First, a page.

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Upwardly mobile: Sony a6300 Review

Published on March 17, 2016 by in News

The Sony a6300 is the company's latest mid-range mirrorless camera. Like the a6000 it still offers 24MP resolution but the autofocus ability, video capability, build quality, viewfinder resolution and price have all been increased.

The most exciting change from our perspective is the a6300's new sensor. Although the pixel count remains the same, the a6300's sensor has a whopping 425 phase-detection AF points ranged across the sensor. The a6000 already offered one of the best AF systems in its class, when it comes to identifying and tracking subjects, so an upgrade in this area sounds extremely promising. The sensor is also built using newer fabrication processes that use copper wiring to help improve the sensor's performance and possibly contributing to the camera's slightly improved battery life.

The a6000 has been a huge success and has dominated its field to the extent that its combination of capability and price still looks impressive even as it enters the twilight of its career (Sony says it will live on, alongside the a6300*). That model represented a dip down-market for the series, with a drop in build quality and spec relative to the NEX-6 that preceded it. The a6300 corrects that course, and sees the model regain the high resolution viewfinder and magnesium-alloy build offered by the older NEX-6 (and the level gauge, which was absent from the a6000).

Key features:

  • 24MP Exmor CMOS sensor
  • 425 phase detection points to give '4D Focus' Hybrid AF
  • 4K (UHD) video - 25/24p from full width, 30p from smaller crop
  • 2.36M-dot OLED finder with 120 fps mode
  • Dust and moisture resistant magnesium-alloy body
  • Built-in Wi-Fi with NFC connection option
  • Built-in microphone socket

As with the previous 6-series E-mount cameras, the a6300 features a flip up/down 16:9 ratio screen. The shape of this screen hints at the 6300's intended uses: video shooting, as well as stills. The a6300's movie features have been considerably uprated. It not only shoots 4K (UHD) at 24p or 25p from its full sensor width (or 30p from a tighter crop). It also gains a mic socket, the video-focused Picture Profile system (which includes the flat S-Log2 and S-Log3 gamma curves), and the ability to record time code.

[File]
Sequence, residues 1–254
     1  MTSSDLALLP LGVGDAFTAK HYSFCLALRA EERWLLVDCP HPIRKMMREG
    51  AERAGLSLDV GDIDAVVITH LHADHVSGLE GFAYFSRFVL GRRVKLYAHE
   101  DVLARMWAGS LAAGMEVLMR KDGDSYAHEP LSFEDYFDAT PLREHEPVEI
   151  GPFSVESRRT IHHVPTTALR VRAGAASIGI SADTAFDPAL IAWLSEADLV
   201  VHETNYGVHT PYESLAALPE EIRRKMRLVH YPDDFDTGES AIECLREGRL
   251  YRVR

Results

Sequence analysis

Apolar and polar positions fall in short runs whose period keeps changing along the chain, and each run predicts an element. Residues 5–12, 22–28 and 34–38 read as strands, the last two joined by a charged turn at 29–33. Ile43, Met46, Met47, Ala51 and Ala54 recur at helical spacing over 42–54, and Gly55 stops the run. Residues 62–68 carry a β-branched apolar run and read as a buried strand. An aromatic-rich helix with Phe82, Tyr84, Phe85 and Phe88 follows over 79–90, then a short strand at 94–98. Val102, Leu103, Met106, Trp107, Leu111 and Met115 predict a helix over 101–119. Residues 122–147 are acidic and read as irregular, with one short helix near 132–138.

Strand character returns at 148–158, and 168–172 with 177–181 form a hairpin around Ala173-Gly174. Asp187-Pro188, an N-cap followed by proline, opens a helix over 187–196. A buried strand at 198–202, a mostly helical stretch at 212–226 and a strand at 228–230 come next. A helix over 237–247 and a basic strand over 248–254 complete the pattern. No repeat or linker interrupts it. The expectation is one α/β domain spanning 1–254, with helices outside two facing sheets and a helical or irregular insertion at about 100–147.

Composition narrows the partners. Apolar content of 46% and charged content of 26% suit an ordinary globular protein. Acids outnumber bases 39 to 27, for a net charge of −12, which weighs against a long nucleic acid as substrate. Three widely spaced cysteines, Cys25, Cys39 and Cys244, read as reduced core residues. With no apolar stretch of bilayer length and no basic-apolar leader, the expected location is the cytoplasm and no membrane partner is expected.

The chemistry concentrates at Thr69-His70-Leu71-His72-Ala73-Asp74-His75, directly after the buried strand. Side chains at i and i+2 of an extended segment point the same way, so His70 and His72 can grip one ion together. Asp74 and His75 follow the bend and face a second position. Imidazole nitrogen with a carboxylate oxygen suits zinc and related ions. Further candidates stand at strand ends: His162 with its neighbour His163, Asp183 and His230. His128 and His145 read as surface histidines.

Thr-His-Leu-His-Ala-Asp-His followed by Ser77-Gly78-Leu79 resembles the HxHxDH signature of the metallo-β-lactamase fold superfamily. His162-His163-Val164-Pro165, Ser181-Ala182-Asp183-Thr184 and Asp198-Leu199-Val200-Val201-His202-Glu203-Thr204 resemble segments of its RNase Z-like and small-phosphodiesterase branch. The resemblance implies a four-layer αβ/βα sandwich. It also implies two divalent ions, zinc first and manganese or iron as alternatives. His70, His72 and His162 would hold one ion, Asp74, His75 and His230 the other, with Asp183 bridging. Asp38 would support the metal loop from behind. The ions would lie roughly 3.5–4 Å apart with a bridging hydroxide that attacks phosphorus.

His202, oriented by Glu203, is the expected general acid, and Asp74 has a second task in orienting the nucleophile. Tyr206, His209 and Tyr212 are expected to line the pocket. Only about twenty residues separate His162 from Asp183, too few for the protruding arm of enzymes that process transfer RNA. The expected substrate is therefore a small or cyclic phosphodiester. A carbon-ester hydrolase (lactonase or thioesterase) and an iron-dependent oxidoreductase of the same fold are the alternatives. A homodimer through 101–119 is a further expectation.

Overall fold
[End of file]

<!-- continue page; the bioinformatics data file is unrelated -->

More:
This added emphasis on video makes absolute sense, since the camera's stills performance is likely to be competitive with the best on the market but its video capabilities trounce most of its current rivals. The a6300 not only includes focus peaking and zebra stripes but, if its on-sensor phase detection works well, the ability to re-focus as you shoot with minimal risk of focus wobble and hunting, should make it easier to shoot great-looking footage.

All this makes it hard to overstate how promising the a6300 looks. A latest-generation sensor can only mean good things for the camera's image quality and an autofocus system that moves beyond the performance of one of our benchmark cameras is an enticing prospect. Add to that excellent, well-supported video specifications, a better viewfinder and weather-sealed build, and it's tempting to start planning for the camera's coronation as King of the APS-C ILCs. Perhaps with only the price tag floating over proceedings, threatening just a little rain on that particular parade.

Specifications compared:

As well as comparing the a6300 with the a6000 as its predecessor/sister model, we'll also look at what you get if you save up a bit more money and opt for full-frame, rather than APS-C. We think at least some enthusiast users will find themselves making this decision, so are highlighting the differences.

  Sony a6000 Sony a6300 Sony a7 II
MSRP (Body Only) $650 $1000 $1700
Sensor size APS-C (23.5 x 15.6mm) APS-C (23.5 x 15.6mm) Full Frame (35.8 x 23.9 mm)
Pixel count 24MP 24MP 24MP
AF system Hybrid AF
(with 179 PDAF points)
Hybrid AF
(with 425 PDAF points)
Hybrid AF
(with 117 PDAF points)
Continuous shooting rate 11 fps 11 fps 5 fps
Screen 3" tilting 921k dot LCD 3" tilting 921k dot LCD 3" tilting 1.23m dot LCD
Viewfinder OLED 1.44M-dot OLED 2.36M-dot w/120 fps refresh option OLED 2.36M-dot